Much time, money, and effort is spent by many mothers now clothing and accessorizing their children, to look like trendy adults, or to look like the children of whatever relevantly irrelevant celebrity is currently splayed across the tabloid pages. Simple cotton dresses with embroidered tiny flowers in pastel pinks and blues and greens have not altogether disappeared, but do seem more rare and quaint in the commercial maelstrom of the baby industry. In the end, I fear these mothers, those prone to the subterfuge of advertisement and media, are missing it, in this frenzy of superficial pretense; their child, growing up, learning, laughing. I feel so eternally grateful that I have this opportunity to witness and to participate and to learn from and help the development of this new person.
Sunday, August 5, 2012
Feeling less than inspired lately in the wardrobe department, in part due to the constant deluge of sweat cascading down my back, and in second part due to a sort of general lethargy and apathy, I have recently sought innovation in some of my necklaces. Namely, this has entailed my pairing already strong, bold, bodacious pieces with a bejeweled broach, in an exercise of utter hyperbole. For a rather lazy, alcohol-infused casual Friday last week, my entire company commemorating and commiserating the loss of our favorite Jamaican colleague, I paired this striped stone pendant, a street treasure from Rome, with a mysterious rhinestone, fiery-eyed lizard, cold and cruel and stagnant, probably a remnant of my sister's teenage jewelry box. Essentially, the layering of these elements created a picturesque scene of a lone lizard bathing in the sun heat on a smooth rock. My silk blouse featured a pattern of blues and gray, with some streaks of orange, matching the eyes, that resembled the crystalline intricacy of tree branches one connotes with certain Japanese woodblock prints.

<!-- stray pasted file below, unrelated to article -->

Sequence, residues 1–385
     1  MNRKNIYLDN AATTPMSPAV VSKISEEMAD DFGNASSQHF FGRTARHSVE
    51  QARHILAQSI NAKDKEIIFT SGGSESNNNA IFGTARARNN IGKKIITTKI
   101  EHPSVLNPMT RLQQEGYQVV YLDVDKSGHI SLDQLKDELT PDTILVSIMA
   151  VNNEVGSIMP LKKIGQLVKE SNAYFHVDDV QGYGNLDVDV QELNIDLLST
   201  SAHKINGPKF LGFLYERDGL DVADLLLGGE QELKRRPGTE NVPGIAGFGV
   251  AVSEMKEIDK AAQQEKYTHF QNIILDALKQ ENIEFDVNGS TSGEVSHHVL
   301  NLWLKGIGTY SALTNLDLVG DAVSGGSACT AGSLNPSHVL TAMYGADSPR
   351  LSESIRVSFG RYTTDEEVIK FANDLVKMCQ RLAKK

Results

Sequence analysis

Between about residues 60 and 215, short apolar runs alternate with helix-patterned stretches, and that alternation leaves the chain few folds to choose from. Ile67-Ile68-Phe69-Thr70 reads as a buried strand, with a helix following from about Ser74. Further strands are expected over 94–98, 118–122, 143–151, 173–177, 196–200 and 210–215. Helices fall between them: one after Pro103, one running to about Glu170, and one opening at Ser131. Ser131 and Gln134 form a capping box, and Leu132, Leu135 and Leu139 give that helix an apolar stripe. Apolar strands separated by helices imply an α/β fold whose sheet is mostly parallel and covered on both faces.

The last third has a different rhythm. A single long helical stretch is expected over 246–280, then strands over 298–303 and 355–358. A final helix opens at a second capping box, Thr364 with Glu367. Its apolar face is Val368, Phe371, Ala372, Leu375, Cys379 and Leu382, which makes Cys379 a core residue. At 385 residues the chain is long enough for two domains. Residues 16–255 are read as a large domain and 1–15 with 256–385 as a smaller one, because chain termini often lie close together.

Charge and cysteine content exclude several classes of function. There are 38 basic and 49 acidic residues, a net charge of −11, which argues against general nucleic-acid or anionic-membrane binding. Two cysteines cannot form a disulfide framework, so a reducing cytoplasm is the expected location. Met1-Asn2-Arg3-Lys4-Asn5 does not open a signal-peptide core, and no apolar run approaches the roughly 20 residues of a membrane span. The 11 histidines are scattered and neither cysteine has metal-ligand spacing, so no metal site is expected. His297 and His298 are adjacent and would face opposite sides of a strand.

Friday, August 3, 2012